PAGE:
Proceeds from notes payable                                                       130,861             40,879          42,040
           Principal payment of notes payable                                               (136,329)           (99,709)        (40,166)
           Loan origination fees                                                              (1,202)               —               —
           Dividends paid                                                                     (1,014)            (6,095)         (8,144)
     Net cash provided by (used for) financing activities                                     (8,312)           (65,755)         (7,435)
     Net (decrease) increase in cash and cash equivalents                                     (7,868)           (35,576)         22,771
     Cash and cash equivalents:
           At beginning of year                                                              18,794             54,370           31,599
           At end of year                                                                  $ 10,926           $ 18,794         $ 54,370
Supplemental disclosures of cash flow information:
         Cash paid for interest, net of amount capitalized                                         4,641           5,963            8,182
           Cash paid for income taxes, including related interest                                   —              1,216           10,579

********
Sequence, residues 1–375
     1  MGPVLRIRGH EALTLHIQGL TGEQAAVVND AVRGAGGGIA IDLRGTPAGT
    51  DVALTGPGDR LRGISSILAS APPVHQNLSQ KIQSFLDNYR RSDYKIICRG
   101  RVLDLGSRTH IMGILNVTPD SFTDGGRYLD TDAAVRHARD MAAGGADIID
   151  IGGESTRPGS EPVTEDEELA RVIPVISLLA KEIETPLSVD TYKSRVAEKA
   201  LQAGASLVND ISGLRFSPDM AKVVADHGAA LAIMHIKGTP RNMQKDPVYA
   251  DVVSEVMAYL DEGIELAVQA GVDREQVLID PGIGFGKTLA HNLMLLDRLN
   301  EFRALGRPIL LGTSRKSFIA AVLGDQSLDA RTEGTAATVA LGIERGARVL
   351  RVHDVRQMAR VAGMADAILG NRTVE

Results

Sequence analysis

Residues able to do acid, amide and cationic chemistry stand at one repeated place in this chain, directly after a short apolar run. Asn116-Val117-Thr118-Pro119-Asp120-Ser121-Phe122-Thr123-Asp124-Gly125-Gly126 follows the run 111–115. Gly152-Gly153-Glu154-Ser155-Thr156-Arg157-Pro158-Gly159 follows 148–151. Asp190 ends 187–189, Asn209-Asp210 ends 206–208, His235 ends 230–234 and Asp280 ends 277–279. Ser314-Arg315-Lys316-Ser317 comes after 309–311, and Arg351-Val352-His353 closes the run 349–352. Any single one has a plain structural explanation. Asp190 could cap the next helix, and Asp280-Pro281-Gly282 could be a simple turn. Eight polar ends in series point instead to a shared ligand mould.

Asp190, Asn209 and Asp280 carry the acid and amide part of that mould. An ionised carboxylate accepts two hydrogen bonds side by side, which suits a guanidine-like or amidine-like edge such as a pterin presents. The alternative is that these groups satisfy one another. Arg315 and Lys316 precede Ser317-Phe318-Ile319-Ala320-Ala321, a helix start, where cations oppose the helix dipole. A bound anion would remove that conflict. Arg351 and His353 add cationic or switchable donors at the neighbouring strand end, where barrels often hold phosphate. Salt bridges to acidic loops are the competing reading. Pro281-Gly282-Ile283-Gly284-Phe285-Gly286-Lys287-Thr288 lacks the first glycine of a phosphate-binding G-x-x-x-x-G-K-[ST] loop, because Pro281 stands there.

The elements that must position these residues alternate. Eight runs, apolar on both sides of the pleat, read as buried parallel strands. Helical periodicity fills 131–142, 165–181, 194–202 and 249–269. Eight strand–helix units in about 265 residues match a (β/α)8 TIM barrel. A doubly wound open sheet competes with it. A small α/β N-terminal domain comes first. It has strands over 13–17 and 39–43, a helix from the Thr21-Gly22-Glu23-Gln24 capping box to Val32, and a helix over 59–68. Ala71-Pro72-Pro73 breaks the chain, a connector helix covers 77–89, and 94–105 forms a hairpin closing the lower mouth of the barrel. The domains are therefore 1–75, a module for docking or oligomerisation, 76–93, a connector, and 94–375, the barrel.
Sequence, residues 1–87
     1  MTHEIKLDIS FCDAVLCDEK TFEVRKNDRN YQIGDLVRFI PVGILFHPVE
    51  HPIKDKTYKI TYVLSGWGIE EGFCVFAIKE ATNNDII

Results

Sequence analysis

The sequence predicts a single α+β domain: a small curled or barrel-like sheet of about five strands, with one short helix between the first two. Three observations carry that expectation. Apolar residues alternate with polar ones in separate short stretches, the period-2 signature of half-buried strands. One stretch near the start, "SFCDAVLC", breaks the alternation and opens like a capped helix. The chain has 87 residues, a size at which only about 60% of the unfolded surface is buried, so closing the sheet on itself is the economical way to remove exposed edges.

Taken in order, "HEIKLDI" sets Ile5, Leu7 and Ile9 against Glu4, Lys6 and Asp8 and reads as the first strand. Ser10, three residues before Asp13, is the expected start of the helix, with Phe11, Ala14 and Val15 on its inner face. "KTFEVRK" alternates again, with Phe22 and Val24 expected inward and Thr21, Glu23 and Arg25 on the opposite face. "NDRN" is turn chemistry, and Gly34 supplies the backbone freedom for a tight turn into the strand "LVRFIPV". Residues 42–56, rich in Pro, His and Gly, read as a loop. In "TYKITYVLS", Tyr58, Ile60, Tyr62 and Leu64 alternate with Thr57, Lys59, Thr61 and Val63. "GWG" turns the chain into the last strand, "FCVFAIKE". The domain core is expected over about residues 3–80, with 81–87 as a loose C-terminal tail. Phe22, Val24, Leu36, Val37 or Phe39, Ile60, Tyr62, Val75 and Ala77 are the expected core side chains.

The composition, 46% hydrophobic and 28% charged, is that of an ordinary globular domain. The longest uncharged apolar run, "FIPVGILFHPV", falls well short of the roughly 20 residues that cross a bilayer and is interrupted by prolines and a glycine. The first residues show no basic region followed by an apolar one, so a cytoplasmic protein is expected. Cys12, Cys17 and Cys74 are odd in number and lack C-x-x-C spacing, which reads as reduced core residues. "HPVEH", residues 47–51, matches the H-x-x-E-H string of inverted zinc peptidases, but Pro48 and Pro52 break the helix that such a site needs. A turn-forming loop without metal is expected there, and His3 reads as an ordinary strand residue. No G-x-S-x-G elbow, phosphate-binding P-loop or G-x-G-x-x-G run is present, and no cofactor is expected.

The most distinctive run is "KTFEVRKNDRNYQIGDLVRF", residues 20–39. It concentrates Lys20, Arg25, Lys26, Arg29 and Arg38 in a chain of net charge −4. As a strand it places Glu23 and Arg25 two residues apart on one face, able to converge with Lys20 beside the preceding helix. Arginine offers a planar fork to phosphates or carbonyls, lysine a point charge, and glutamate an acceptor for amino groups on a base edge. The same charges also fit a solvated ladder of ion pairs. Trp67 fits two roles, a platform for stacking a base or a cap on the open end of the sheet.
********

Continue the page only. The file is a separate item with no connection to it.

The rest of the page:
Non-cash investing activities:
           Reclassification of breeding herd to property and equipment                              557             552                458
           Reclassification of foreclosed mortgage to property and equipment               $       5,950      $     —          $       —
                                  See accompanying Notes to Consolidated Financial Statements.


                                                                    35
                                  NOTES TO CONSOLIDATED FINANCIAL STATEMENTS
                     As of September 30, 2010, 2009 and for the years ended September 30, 2010, 2009 and 2008
                                                 (in thousands except for unit data)

(1) Summary of Significant Accounting Policies

   (a) Basis of Consolidated Financial Statement Presentation
The consolidated financial statements include the accounts of Alico, Inc. (Alico) and its wholly owned subsidiaries, Alico Land